Shakespeare himself certainly understood these associations when he invoked the pumpkin in one of his very best insults. In The Merry Wives of Windsor (Act III, Scene 3), the ostentatious, pleasure-loving Falstaff is described as a “gross [e.g., large] watery pumpion.” The fact that Falstaff is often portrayed with a round, pumpkin-like belly would have made the comparison all the more obvious to Shakespeare’s viewers and readers.

Hannah Woolley’s Pumpkin Pie

To make a Pumpion Pie

Take a Pumpion, pare it, and cut it in thin slices, dip it in beaten Eggs and Herbs shred small, and fry it till it be enough, then lay it into a Pie with Butter, Raisins, Currans, Sugar and Sack, and in the bottom some sharp Apples; when it is baked, butter it and serve it in.


Two unbaked pie crusts: one for the top of the pie, one for the bottom
2 cups of peeled, sliced squash (butternut or sugar pumpkin)
2 cups of peeled, sliced tart apples (Northern Spy, Cortland, or Granny Smith)
3 tbsp. butter
¼ cup of raisins
¼ cup of dried currants
¼ cup of sugar
½ tsp. cinnamon
½ tsp. nutmeg
¼ tsp. cloves
3 tbsp. sherry (we recommend a dark sherry, such as Oloroso)


Heat the oven to 425F. Peel the squash and apples and slice them into pieces that are roughly the same size: 3 inches long, 1 inch wide, ¼ inch thick is a good guideline. Melt 1 tbsp. in a frying pan and sauté the squash until softened, about 10 minutes. Combine the cooked squash, apples, raisins, and currants in a bowl. Toss them gently with the sugar, cinnamon, nutmeg, cloves, and sherry. Set aside. Place the first (bottom) pie crust in a pie pan, allowing for two inches of crust to drape over the sides. Layer the squash/fruit mixture into the pie. Dot the top with the remaining 2 tbsp. of butter. Cover with the second (top) crust, crimp the edges, and cut a few vents in the crust to allow steam to escape. Bake at 425F for fifteen minutes, then lower the temperature to 375F, turn the pie, and bake for another 50-60 minutes. Total baking time is between 65-75 minutes.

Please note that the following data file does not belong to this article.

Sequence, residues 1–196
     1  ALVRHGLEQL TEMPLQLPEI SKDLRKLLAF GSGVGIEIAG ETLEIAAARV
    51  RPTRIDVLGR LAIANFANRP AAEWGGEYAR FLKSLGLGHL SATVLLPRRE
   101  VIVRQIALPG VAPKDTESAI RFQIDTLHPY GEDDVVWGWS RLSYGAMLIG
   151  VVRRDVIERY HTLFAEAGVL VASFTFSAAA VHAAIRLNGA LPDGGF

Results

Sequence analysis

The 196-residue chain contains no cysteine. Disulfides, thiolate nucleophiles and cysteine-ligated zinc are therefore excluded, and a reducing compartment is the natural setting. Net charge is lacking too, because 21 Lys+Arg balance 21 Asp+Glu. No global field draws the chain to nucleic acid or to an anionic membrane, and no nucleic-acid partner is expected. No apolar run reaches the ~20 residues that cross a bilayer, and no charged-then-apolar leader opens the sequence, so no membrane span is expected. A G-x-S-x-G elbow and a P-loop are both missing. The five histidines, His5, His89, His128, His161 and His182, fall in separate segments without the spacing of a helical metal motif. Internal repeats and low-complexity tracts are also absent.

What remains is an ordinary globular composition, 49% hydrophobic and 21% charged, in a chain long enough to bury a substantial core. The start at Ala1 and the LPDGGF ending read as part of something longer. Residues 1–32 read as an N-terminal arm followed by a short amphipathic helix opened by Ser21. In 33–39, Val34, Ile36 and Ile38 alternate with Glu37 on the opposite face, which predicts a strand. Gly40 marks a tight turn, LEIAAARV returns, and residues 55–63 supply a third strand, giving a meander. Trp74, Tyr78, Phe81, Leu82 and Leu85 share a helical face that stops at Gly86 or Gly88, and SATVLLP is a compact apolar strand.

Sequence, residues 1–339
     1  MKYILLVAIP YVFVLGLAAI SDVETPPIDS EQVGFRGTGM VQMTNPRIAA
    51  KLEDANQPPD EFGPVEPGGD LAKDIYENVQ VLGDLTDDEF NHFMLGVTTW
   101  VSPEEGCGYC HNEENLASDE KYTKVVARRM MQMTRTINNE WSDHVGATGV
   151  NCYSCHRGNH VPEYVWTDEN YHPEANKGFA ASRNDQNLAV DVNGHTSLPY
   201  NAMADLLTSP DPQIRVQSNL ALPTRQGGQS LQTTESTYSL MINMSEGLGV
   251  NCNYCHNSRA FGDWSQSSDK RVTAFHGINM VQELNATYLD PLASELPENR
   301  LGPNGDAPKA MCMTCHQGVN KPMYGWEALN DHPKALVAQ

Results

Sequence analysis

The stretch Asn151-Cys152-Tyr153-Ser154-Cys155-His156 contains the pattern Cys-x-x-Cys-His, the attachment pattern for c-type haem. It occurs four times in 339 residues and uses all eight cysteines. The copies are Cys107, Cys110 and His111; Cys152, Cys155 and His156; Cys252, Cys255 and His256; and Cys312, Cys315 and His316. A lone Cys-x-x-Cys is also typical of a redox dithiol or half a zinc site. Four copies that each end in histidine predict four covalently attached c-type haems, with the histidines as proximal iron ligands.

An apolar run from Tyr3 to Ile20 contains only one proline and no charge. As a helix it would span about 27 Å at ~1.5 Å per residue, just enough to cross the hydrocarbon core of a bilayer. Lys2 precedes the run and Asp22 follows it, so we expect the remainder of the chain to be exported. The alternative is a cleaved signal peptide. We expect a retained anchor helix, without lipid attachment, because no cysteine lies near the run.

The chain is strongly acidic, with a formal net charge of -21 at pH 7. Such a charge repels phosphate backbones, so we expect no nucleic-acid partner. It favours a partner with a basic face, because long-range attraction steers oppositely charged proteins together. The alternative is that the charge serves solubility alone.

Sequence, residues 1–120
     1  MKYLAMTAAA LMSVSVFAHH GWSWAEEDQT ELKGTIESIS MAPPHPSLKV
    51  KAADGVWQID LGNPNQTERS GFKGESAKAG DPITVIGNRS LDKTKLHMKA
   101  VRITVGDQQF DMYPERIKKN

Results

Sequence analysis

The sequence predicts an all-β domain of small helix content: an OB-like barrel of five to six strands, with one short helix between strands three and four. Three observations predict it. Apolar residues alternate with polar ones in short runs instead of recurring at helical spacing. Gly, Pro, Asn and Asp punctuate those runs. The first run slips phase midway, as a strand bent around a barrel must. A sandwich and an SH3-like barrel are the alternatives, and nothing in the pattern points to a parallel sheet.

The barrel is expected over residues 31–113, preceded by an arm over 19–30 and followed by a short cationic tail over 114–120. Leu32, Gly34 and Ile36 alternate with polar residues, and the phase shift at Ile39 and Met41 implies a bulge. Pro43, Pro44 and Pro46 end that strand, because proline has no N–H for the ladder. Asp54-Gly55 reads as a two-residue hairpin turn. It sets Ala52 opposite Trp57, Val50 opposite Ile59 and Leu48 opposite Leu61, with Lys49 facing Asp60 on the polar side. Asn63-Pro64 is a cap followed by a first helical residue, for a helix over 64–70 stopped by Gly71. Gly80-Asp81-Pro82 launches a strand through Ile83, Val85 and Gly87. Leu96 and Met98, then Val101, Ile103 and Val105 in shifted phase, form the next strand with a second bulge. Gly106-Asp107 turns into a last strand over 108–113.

Historical notes

Pumpkins are classified as squash and are available in a wide variety of types. In fact, the USDA classifies “pumpkin” as any squash that is a “clean, sound, properly matured, golden-fleshed, firm-shelled, sweet variety of either pumpkins and squashes.” Butternut is a good option as it’s available at most groceries and farmer’s markets, and is a dense, firm, and flavorful squash that’s easy to cut and peel. Woolley’s original recipe recommends that the pumpkin to be dipped in egg before frying; this step isn’t necessary if you’re using butternut squash, as it will hold its shape on its own.

Woolley also calls for “herbs shred small” in her recipe; we substituted spices that are used frequently today in pumpkin recipes, as this offers the pie a more familiar taste. The “sack” described in Woolley’s recipe was an early modern fortified white wine. The closest approximation to early modern sack is modern Oloroso sherry, a dark, aged (and highly alcoholic) wine.

A cross between traditional American apple and pumpkin custard pies, this adaptation of Woolley’s early modern pie is fruity, fragrant, and richly spiced. It will be right at home on any modern Thanksgiving table.

For more information on the early modern history of pumpkins, we recommend the following:

  • Alan Davidson, The Oxford Companion to Food (New York: Oxford University Press, 1999), p. 231, 640.
  • “Pompion,” The Oxford English Dictionary (New York: Oxford University Press, 2017).
  • Jessica B. Harris, High on the Hog: A Culinary Journey from Africa to America (New York: Bloomsbury, 2011).

Special thanks to Ember Cook and Dave Herbert for their help with this post. All photos by Dave Herbert.